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The future of Europe's carmakers depends on reliable supplies of cheap lithium-ion cells, a key component of e-car batteries. But such cells are nearly all made in Asia. Does Europe need its own Li-ion cell supply?
Imagine you're a strategist working for a major European carmaker. You've been tasked with thinking broadly about the future of e-mobility and its implications for your company, which currently produces over two million automobiles a year, all but a few thousand of them powered by internal-combustion engines (ICEs). What are the key strategic moves your employer must successfully implement, to ensure it ends up among the winners in the emerging e-mobility revolution?
First, you recognise that E-cars are better than ICE cars in several ways, and not as good in just three ways.
E-cars are better in that they have smoother, faster, much more responsive acceleration. They're quieter. They don't generate air pollution at point-of-use; they can result in low carbon emissions if they're powered by renewable or nuclear electricity; and they're much more energy-efficient.
A further advantage of e-cars is that they're lower-maintenance and more durable. That's because they have only a few moving parts — just a few dozen in total — whereas ICE cars usually have upwards of 2,000.
Here, a 'Smart' car has had its internal combustion engine (at left) removed, in preparation for replacing it with an electric motor (at right). Analogously, European car-makers will have to replace their ICE vehicle manufacturing capacity with battery-powered electric vehicle making capacity.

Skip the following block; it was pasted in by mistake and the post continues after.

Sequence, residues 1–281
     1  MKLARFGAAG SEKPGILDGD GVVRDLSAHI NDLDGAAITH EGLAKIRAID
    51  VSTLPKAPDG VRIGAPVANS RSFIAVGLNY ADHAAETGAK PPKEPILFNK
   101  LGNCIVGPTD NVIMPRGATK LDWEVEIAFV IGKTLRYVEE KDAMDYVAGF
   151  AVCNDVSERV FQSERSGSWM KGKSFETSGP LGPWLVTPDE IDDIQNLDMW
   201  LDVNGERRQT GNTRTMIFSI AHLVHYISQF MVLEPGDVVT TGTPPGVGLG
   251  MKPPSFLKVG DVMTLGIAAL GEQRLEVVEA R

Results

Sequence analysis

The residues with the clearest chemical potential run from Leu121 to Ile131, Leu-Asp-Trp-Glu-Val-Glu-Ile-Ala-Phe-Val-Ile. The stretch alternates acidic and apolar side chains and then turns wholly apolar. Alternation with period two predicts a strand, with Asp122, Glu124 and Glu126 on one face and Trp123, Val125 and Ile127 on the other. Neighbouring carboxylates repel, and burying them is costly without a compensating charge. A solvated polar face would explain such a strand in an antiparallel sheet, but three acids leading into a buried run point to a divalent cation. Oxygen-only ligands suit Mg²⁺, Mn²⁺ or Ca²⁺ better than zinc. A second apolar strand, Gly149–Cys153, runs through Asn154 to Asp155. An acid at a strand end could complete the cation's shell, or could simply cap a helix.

Electric motors are extremely simple devices. ICEs, by contrast, are very complex. That difference means that e-cars, once they're mass produced, should in principle be much cheaper to make, and hence to buy, than ICE cars.
But that leaves out the problem of the fuel storage system.
The battery problem
E-cars have three disadvantages, all related to their on-board batteries: Low energy density, slow recharging times, and high prices.
As your company's strategist, it dawns on you that if any competitor anywhere in the world solves all three of these problems convincingly, e-cars will quickly become better and cheaper than ICE cars in every respect, and your company's ICE-based business model will instantly become obselete.
Several companies are developing "solid-state" battery technologies, claiming that these will be safer, due to the absence of liquid electrolytes, as well as higher in energy density.
If the claims prove realistic, the next generation of e-cars, available from the mid-2020s, may have driving-ranges in excess of 800 kilometers (497 miles), and could be rechargeable in minutes rather than hours.
Sir James Dyson is convinced the Ann Arbor startup Sakti3 could revolutionise lithium-ion batteries, and hence the future of automobiles, with its solid-state battery design. He has helped finance the company. Sakti3 isn't the only such startup. Volkswagen-backed QuantumScape of Stanford, California is another.